This op-ed by CMMB president and CEO Mary Beth Powers was originally published in the Miami Herald on December 29th, 2021. Follow Mary Beth on Twitter for more updates and news!

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We Can’t Fight the Next Pandemic with Handouts and Charity to Poor Nations

COVID-19 and its never-ending variants have taught us that our global health system is broken.

The charity model to end the pandemic has largely failed. Health inequities between high-income and low-income countries have worsened, and decades of progress in reducing poverty are being reversed. Our global health cooperation system is inadequate and unable to prevent variants from emerging and truly bring the pandemic to an end.

We have to build a more-effective global health infrastructure to ensure we can reduce the impact of COVID-19, and so that we do not make the same mistakes during the next pandemic. We have to develop better supply chains to get medicines and equipment to low-income countries and invest in local manufacturing capability for vaccines and other essential supplies needed. Finally, we have to begin now to train the next generation of skilled healthcare workers.

This isn’t optional. There will be a next pandemic and it may be worse in terms of the case fatality rate of the virus.

COVID-19 is bad, but we caught many breaks. We were fortunate that a tight-knit community of scientists and taxpayer-funded laboratories could develop effective vaccines in record-breaking time. Unlike other viruses, COVID-19 spreads almost exclusively through respiratory droplets. Simple precautions like wearing a mask are effective in preventing viral spread.

“There will be a next pandemic and it may be worse in terms of the case fatality rate of the virus.”

None of those qualities are guaranteed for the next pandemic, which infectious-disease experts say is coming sooner than later.

Defeating COVID-19 and ensuring that the next pandemic does not deal a devastating blow means addressing the gaps found in low-income countries. What does that look like?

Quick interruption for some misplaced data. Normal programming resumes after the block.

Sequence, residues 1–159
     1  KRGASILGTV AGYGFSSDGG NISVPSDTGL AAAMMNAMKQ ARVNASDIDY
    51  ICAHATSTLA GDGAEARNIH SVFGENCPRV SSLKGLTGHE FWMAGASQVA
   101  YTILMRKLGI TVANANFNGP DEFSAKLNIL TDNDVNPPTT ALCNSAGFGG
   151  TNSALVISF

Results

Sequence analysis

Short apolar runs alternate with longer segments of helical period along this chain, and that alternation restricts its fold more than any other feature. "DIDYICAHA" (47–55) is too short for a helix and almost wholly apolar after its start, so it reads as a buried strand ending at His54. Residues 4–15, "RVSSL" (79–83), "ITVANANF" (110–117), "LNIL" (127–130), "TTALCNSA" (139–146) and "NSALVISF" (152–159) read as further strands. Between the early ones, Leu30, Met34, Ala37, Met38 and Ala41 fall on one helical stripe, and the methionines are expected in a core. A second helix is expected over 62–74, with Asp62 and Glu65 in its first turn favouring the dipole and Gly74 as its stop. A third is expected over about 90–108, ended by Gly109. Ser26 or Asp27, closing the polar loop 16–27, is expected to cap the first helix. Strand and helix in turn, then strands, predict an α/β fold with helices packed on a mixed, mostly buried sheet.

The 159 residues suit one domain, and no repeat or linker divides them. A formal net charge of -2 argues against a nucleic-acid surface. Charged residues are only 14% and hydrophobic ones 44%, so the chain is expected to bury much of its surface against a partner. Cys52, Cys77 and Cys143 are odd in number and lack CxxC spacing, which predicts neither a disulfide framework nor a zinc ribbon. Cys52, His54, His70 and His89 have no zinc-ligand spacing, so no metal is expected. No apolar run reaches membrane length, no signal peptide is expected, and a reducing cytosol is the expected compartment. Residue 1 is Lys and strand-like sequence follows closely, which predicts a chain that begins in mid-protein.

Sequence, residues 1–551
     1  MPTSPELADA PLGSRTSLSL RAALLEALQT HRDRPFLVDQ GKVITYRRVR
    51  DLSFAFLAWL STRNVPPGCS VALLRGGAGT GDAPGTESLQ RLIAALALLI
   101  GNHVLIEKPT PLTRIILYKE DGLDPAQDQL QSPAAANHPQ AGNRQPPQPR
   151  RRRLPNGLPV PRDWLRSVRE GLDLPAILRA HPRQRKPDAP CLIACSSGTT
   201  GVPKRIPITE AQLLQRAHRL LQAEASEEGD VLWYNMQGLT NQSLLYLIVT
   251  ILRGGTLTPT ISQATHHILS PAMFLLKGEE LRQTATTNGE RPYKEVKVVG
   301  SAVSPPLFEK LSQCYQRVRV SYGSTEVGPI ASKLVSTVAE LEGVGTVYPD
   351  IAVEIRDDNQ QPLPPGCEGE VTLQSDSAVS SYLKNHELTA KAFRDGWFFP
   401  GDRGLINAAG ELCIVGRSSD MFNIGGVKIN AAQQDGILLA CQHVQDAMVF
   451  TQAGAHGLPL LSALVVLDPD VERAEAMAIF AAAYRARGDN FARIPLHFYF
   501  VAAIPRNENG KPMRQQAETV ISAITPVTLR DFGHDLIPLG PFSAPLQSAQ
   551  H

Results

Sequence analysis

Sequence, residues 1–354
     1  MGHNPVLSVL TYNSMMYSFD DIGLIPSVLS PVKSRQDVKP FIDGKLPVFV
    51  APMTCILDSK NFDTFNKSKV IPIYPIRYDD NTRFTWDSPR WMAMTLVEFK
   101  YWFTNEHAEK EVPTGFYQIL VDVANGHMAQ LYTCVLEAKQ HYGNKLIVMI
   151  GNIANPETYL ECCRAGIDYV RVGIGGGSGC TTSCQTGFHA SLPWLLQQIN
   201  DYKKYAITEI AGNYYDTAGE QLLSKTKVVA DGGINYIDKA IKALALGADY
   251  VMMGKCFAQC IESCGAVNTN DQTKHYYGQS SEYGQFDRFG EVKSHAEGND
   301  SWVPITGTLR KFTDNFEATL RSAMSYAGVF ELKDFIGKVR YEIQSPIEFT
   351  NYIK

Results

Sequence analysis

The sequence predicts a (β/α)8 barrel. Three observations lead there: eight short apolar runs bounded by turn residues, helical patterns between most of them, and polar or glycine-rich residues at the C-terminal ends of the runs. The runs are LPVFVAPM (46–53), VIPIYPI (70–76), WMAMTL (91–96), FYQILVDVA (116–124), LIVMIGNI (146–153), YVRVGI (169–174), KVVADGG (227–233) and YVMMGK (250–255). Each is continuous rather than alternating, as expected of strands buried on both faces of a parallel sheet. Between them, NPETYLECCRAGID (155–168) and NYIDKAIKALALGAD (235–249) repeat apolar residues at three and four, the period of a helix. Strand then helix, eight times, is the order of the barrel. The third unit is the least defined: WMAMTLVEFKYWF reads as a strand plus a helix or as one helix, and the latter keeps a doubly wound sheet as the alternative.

It starts with correcting the early failings of the pandemic response. Low-income countries were desperately short of personal protective equipment (PPE) and testing to limit and understand the virus spread. As the southern hemisphere headed into their winter, they lacked not only vaccine doses, but the basics for vaccine distribution, like syringes and adequate refrigeration. These shortages were borne of both weak supply chains and limited supply because of pre-ordering huge volumes of vaccines in high-income countries — some of which went unused and expired.

Public-private partnerships (PPPs) formed by governments, international donors, nonprofits and pharmaceutical companies can help build local capacity to combat COVID-19 and help prepare low-income countries for the next pandemic.

Such PPPs will be a win-win. Low-income countries build local capacity and take ownership over manufacturing, distribution, and supply-chains while pharmaceutical companies gain a foothold and valuable partnerships in new markets.

PPPs have played a key role in tackling previous global health crises, such as HIV/AIDS. The U.S. President’s Emergency Plan for AIDS Relief (PEPFAR) utilized PPPs to strengthen logistics and supply chains and HIV lab practices. PEPFAR has played a critical role in prevention of new infections and managing existing infections through effective treatments, saving 20 million lives.

PPPs could form the backbone of developing local vaccine manufacturing and distribution capabilities to get more people vaccinated in low-income countries and save lives. The charity model of high-income countries donating vaccines or funding for vaccines has failed. Just 7.3% of people in low-income countries are fully vaccinated, compared to 56.1% globally. Only 0.8% of all doses delivered have been administered in low-income countries. Africa has the lowest vaccination rate of any continent, with just 11.8% of the population receiving one dose.

As the world faces a global shortage of healthcare workers, there is a desperate need to train and maintain a skilled workforce to fight COVID-19 and any future pandemic. From offering low-interest loans to the cover tuition of aspiring health workers to providing training programs to build local capacity, PPPs can play an integral role in recruiting and training health workers. Low-income countries still lack adequate human resources to administer COVID-19 tests and vaccines. In an emergency, not everyone who administers a test or vaccine needs to be a nurse. People can be quickly trained to provide those crucial services.

PPPs are a better way to mobilize the resources and expertise to distribute some of the building blocks of a global health-security system. Waiting for the handouts or hand-me-downs when it comes to PPE and vaccines is not an effective or equitable way to combat pandemics.

Mary Beth Powers is president and CEO of Catholic Medical Mission Board (CMMB). Follow Mary Beth on Twitter at:

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